Because of that only a specimen will be acceptable evidence.

  7. dogu4 responds:

    I have to agree to what Spoon Nose has to say above, as I too have spent a bit of time on the SF Bay. Additionally, I’ve met one of the Clark brothers while taking’ a walk along the St. Francis Yacht Club’s breakwater a few years back and his belief that what he’s seen is what he says it is isn’t the question. He seems sincere. This video unfortunately just too closely resembles the kind of thing that’s not all that uncommon when viewing distant objects at a low angle over water, especially birds in formation, but even more prosaic objects can take on some pretty surprising shapes, and even move around, or seem to, when viewed like this.

    An observation in defense of the Clark brothers’ observation however is that they are actively looking for evidence that we all might be seeing but ascribe to more pedestrian explanations. I know that they claim to have other sightings of what seems to them to be similar creatures, though I’ve never seen any images of these either, so I remain skeptical about this instance.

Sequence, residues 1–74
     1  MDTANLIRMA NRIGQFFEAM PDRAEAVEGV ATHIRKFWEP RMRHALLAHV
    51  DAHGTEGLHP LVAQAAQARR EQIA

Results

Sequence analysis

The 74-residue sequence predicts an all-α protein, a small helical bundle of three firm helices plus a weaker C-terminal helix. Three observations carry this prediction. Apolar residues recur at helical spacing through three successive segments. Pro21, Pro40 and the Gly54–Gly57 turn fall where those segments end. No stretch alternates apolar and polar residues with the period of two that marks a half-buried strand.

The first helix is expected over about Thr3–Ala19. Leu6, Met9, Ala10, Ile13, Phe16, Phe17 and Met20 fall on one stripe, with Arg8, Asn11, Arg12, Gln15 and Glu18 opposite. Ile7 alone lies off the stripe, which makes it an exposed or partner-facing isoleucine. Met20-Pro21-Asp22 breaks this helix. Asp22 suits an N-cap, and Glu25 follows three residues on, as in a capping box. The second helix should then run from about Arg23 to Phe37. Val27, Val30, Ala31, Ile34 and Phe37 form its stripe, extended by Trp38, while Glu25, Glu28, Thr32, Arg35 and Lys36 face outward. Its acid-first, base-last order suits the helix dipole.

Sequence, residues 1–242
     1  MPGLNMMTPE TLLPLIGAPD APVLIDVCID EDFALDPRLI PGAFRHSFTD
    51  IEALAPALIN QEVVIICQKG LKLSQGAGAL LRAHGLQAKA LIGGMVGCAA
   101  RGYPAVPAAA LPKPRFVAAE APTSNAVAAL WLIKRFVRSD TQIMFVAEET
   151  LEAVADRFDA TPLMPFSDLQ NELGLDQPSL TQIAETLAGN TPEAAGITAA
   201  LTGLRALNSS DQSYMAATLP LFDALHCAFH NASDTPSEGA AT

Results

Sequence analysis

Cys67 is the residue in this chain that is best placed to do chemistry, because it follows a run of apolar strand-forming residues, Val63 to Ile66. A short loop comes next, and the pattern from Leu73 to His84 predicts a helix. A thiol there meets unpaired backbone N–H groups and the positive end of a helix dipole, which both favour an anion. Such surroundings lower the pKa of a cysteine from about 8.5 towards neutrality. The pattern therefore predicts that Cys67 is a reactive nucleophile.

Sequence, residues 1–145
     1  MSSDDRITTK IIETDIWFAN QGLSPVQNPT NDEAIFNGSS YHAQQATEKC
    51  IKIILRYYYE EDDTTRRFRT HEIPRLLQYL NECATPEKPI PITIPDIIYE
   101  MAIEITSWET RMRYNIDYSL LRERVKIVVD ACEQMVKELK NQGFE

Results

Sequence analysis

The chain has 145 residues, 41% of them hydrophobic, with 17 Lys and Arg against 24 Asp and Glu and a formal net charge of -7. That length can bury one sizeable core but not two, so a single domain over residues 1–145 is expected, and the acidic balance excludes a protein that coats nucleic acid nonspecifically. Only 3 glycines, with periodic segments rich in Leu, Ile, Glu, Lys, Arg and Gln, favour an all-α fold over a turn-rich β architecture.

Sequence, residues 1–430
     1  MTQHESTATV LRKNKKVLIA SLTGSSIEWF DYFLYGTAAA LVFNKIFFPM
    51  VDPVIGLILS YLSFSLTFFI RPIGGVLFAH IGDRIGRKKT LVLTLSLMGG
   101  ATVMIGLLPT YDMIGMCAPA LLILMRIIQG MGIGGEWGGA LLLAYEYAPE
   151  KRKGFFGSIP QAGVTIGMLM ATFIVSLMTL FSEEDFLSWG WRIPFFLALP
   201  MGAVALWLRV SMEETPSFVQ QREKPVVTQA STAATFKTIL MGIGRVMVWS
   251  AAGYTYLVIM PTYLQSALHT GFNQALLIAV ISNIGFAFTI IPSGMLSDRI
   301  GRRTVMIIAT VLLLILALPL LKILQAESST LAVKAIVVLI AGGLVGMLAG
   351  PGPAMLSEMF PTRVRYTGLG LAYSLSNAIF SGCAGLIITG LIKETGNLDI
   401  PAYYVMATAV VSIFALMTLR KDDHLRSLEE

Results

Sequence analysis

But, it can be tough to get good images from the shoreline or the rail of a tourboat as anyone who’s tried to show their friends the snapshot of a whale from a cruise ship in Alaska can tell.

    One thing I like about the Clark brothers’ continued investigation is that it keeps us looking in what could be an interesting direction. The underwater geography of the Golden Gate is a pathway to the deep systems of the Pacific Ocean, a complex ecosystem with immense tidal flows potentially bringing-up the occasional surprise. The vast wilderness of the ocean is not too far away from Fisherman’s Wharf and it’s major haul-out for california sea-lions.

    Imagine if one of those frilled sharks, or some here-to-fore unrecognized species, similar to the one which Japanese fishermen hauled-in a short while ago were to get carried by the tides onto Little Alcatraz Island, or got lodged under the pilings at Pier 39. Would we even notice?

  8. mjmurphy responds:

    There are more still shots of the alleged beast here.
    I have no opinion.